#BLM, Music, Venue

Out of my comfort zone: Waak Waak Djungi

Ever since I became interested in politics, Indigenous culture has captivated me. This is a privilege, as I can marvel at the strength and beauty of Indigenous people without living with the persistent trauma that many Indigenous people experience. As I explored this in my spare time, I decided to take a module in Indigenous art, something entirely out of my comfort zone. This included an essay worth one hundred percent of my grade, where I was expected to analyze discourses on various Indigenous art forms and how they have triggered a re-examination of academic disciplines. I decided to focus on music for part of this essay, particularly the Yolngu Songmen from the Northern Territory in Australia. 

Typically, my taste in music is eclectic. I grew up on classic rock and eighties hits, slowly immersing myself in hip-hop and r&b in my teens. Today, my favourite artists are Kaytranada, Lauryn Hill, Kendrick Lamar, and Princess Nokia, but it changes every day. While my sense of music is incredibly varied, it has been limited to Western artists for the most part. 

In researching this essay, I stumbled upon Waak Waak Djungi, three contemporary Yolngu songmen combined with a Victorian musician. Their LP ‘Waak Waak Ga Min Min’ was released in 1997 and was re-released in 2018. The tracks are entirely foreign to me; spoken in their native languages Djinang and Gannalbingu. Their spiritual ties to the music are something unfamiliar to me as well. Yolngu Songmen traditionally receive inspiration for their musical features in dreams, given to them by their ancestors. The music is then performed for the ancestors. In many non-Western cultures, history is passed down orally. These songs allow for the continuation of their culture and are spiritually significant. Yes, music is important in my culture as well. It has allowed me to connect with loved ones and regulate my emotions. However, it has never served the same purpose as it has for the Yolgnu.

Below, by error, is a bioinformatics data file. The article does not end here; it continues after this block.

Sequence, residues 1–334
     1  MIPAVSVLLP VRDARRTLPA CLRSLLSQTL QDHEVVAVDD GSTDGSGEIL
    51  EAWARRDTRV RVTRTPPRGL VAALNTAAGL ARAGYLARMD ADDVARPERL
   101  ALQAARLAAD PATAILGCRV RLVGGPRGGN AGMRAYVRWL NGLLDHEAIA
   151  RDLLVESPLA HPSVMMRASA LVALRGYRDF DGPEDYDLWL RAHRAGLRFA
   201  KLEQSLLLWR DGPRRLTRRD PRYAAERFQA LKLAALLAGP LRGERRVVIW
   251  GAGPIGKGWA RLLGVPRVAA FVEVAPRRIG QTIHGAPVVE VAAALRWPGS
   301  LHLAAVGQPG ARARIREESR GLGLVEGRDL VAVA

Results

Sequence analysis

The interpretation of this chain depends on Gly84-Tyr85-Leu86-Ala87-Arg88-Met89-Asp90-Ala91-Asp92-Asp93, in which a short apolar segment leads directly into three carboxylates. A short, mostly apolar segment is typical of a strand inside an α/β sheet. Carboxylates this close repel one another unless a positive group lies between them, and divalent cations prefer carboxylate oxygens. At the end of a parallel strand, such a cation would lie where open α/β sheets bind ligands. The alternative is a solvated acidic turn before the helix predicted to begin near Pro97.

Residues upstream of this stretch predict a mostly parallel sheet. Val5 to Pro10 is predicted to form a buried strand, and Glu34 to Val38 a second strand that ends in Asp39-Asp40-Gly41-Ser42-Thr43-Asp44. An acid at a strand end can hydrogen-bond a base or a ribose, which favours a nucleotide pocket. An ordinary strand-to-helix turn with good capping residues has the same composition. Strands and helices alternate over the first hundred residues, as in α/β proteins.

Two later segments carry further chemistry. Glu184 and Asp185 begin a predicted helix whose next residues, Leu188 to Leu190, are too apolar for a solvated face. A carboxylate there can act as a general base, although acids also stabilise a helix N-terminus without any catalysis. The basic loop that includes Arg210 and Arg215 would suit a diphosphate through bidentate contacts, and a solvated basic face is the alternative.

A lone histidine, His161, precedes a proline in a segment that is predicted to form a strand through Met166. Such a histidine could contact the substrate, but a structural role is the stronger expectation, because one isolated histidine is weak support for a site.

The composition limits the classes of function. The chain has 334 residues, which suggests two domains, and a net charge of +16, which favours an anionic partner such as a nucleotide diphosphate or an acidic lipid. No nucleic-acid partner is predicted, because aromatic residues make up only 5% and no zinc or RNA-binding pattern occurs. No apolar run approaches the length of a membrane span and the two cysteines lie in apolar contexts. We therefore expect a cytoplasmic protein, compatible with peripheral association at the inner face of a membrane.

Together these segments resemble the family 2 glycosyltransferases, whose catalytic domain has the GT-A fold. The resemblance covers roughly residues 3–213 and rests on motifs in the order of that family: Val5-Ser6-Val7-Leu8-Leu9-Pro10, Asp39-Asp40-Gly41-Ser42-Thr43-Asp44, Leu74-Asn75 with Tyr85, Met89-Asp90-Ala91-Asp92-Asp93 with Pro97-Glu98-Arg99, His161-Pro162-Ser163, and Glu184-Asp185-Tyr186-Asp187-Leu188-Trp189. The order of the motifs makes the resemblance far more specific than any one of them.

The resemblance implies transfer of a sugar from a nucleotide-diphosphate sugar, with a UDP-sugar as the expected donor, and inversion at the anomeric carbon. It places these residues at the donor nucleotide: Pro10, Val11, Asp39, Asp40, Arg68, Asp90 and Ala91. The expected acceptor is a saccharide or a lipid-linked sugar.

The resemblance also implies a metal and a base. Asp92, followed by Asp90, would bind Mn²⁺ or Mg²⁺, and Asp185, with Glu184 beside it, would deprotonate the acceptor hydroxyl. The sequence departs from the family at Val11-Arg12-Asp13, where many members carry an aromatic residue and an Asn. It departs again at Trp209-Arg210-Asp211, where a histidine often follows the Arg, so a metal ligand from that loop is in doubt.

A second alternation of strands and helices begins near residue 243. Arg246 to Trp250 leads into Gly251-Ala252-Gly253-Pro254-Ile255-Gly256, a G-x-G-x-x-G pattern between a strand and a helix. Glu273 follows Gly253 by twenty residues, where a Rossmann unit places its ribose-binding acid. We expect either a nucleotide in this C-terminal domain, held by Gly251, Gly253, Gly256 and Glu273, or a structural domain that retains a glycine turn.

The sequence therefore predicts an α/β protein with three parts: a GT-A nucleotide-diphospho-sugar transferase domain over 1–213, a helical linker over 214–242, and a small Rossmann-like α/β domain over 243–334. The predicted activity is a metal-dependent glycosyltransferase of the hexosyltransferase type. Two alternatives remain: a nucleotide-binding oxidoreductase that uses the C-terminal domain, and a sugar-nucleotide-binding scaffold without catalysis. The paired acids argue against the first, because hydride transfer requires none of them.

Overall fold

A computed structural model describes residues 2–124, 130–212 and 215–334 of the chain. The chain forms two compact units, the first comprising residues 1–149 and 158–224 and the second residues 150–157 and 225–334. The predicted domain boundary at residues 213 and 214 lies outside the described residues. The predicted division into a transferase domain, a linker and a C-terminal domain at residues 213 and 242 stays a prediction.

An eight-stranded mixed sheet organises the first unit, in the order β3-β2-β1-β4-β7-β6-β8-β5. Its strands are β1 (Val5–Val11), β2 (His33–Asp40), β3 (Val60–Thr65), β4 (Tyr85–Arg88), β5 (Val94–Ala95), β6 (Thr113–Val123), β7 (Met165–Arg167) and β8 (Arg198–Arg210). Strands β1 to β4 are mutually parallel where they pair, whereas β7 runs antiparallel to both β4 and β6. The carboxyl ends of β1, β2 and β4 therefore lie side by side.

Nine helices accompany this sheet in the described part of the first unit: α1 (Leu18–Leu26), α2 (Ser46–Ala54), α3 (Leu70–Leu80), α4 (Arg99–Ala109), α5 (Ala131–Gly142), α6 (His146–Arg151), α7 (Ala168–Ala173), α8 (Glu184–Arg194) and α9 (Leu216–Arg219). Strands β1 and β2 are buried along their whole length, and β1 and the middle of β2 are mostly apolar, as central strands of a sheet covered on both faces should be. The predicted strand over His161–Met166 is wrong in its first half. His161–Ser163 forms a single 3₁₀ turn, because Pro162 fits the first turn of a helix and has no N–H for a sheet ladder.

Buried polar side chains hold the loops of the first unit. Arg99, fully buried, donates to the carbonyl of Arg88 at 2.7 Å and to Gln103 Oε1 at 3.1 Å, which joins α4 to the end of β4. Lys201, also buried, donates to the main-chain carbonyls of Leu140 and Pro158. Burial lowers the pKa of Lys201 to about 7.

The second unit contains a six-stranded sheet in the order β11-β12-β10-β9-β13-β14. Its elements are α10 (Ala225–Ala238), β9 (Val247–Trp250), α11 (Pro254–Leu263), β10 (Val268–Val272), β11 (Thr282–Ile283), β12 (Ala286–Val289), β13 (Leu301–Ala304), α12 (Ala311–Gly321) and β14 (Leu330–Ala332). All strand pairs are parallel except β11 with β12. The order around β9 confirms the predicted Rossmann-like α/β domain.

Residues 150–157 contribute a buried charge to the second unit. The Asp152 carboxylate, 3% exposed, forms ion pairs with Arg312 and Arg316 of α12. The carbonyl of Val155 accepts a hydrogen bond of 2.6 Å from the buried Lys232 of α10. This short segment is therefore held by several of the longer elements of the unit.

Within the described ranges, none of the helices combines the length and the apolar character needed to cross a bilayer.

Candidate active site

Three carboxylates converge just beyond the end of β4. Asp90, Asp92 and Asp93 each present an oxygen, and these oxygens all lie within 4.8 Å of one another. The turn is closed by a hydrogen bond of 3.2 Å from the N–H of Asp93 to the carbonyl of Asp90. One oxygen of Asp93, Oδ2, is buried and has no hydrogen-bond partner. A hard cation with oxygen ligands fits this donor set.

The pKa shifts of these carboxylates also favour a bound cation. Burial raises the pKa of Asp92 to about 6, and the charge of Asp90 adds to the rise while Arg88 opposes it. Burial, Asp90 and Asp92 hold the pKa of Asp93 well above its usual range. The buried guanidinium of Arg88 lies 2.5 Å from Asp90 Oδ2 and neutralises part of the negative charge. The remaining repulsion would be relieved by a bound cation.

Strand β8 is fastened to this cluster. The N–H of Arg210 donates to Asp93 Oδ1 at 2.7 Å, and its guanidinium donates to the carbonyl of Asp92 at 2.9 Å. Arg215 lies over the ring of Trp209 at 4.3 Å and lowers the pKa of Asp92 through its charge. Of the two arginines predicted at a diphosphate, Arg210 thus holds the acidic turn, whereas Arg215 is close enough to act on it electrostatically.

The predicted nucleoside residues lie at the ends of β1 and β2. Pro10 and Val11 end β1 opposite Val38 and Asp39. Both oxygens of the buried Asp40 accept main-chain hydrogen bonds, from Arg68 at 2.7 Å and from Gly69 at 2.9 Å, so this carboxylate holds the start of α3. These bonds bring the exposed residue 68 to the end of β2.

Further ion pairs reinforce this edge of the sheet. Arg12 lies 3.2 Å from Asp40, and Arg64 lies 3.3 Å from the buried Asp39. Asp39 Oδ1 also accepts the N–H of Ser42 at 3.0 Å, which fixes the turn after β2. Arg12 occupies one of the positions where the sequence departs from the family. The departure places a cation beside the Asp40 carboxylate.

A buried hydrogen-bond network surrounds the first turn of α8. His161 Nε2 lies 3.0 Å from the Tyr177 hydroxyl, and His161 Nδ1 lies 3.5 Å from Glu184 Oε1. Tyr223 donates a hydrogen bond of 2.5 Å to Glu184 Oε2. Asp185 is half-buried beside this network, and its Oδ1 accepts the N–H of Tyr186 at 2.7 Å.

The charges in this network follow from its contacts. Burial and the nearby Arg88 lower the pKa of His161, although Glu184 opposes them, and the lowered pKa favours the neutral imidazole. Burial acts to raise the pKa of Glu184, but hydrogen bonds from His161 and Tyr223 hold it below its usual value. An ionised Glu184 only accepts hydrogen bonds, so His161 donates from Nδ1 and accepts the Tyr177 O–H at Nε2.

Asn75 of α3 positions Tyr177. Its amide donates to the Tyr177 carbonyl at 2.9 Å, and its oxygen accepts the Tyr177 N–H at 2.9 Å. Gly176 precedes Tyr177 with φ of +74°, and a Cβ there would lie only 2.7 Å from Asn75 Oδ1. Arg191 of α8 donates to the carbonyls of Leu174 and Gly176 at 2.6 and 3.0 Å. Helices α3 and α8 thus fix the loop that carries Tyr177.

While these elements were unfamiliar to me, other aspects allowed the LP to serve purpose in my life as well. The traditional lyrics and melodies are juxtaposed with electronic synthesizers, reminding me of the eighties music I grew up with. As the lyrics are in a foreign language, I have the opportunity to pay attention to the performance and attempt to understand the complexity of the tracks. 

I am incredibly honored to have the opportunity to listen to music dissimilar to anything in my library. I would recommend anyone to listen to Waak Waak Djungi, as well as actively finding music that is out of their comfort zone.

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Morgan Burdick

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October 2021
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